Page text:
Geographic Range: Throughout the eastern U.S., Canada, and Mexico.
Status: Listed as a threatened species in MN in 1996. In 1946 there were approximately 19,400 animals, by 1965, less than 1,000. A maximum of 6 eastern spotted skunks have been documented in the last 20 years in Minnesota.
Length: 16–23 in Life Span: 1-2 years in the wild/6 years in captivity
Description: Characteristic bushy tail, black and white pelage, and pungent odor. The eastern spotted skunk has a complex pattern of white spots or broken stripes and generally has a white-tipped tail.
Habitat: Eastern spotted skunks are generally found in open lands with sufficient cover, such as fencerows, shelterbelts, thickets, brush, and riparian woodlands. In agricultural areas they use buildings, corncribs, trash piles, rock piles, and haystacks for cover and den sites.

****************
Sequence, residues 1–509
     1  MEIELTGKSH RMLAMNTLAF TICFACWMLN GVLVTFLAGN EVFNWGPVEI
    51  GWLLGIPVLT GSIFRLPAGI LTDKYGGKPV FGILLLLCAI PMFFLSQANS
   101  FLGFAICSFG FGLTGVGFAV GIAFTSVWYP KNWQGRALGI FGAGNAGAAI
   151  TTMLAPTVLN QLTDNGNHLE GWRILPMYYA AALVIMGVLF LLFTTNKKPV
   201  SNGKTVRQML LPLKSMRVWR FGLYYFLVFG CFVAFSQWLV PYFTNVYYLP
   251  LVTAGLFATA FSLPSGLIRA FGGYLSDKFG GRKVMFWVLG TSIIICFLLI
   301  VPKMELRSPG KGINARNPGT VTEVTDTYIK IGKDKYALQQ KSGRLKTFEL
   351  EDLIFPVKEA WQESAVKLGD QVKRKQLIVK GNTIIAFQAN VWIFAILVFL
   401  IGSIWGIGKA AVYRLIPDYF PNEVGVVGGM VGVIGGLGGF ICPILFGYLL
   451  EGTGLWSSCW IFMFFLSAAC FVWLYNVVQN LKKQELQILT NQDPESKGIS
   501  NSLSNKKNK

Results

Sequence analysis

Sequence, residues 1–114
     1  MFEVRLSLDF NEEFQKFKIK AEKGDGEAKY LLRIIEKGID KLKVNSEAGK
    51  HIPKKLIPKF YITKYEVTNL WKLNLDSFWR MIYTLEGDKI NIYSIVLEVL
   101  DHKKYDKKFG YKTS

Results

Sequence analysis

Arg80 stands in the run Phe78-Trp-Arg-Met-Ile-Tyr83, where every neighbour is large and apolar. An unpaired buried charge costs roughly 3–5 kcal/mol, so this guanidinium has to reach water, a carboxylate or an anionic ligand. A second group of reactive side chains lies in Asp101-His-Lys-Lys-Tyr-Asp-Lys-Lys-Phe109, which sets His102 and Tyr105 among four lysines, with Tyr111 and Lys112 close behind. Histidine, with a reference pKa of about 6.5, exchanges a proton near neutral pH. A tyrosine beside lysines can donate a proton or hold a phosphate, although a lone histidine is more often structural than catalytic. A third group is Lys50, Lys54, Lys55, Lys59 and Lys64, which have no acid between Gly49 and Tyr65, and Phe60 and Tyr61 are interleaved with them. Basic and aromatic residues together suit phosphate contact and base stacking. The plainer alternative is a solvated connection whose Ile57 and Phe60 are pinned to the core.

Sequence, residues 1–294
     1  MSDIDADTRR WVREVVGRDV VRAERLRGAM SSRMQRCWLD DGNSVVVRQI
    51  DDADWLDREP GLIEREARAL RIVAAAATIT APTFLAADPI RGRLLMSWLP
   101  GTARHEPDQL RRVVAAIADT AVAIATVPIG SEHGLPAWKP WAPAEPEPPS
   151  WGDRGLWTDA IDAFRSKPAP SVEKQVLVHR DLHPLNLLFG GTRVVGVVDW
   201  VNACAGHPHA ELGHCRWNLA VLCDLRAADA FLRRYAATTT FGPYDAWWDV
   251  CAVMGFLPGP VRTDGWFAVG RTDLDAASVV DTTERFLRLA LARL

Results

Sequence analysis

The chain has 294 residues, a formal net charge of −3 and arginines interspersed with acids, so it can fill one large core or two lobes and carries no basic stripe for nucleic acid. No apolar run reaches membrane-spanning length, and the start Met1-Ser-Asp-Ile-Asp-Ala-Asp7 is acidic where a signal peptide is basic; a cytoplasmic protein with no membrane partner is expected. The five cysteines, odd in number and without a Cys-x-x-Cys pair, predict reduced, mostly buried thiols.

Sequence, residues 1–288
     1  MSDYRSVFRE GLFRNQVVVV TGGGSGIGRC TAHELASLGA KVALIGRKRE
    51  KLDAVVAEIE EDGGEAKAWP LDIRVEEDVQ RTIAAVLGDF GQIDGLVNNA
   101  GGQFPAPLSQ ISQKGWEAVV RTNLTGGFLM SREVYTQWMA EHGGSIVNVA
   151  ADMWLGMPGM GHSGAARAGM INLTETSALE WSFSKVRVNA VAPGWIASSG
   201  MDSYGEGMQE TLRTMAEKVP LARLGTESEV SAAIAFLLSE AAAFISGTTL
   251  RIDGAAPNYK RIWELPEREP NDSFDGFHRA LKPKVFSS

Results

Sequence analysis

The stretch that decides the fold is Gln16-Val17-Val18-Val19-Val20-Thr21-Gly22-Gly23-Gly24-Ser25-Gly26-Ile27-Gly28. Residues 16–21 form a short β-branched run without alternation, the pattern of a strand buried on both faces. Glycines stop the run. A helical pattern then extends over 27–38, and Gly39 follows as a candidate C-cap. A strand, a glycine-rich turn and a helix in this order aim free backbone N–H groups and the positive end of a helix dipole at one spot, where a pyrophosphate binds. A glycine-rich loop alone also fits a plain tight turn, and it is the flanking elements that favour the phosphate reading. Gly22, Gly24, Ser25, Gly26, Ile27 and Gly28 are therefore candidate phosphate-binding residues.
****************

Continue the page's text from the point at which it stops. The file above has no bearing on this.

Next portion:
Typical Diet: They are generally insectivorous, but also opportunistic feeders and will eat almost anything they can find, including carrion, birds, eggs, small mammals, lizards, snakes, frogs, fruits, corn, and garbage.
Similar Species: Striped skunks
*Eastern spotted skunks spend the winter in dens/not true hibernators
*They are social, non-territorial animals
*Mating usually takes place in April, of 4-6 young are born in July
*The young are weaned after about 54 days
*During the winter, small rodents are their primary food source
*Mainly nocturnal, and escapes by climbing a tree or freezing in place
*Can balance on its forefeet, with hind legs and tail in the air to spray
*Store about 1 tablespoon of liquid, they can spray five times in row
*It takes about one week to replenish the liquid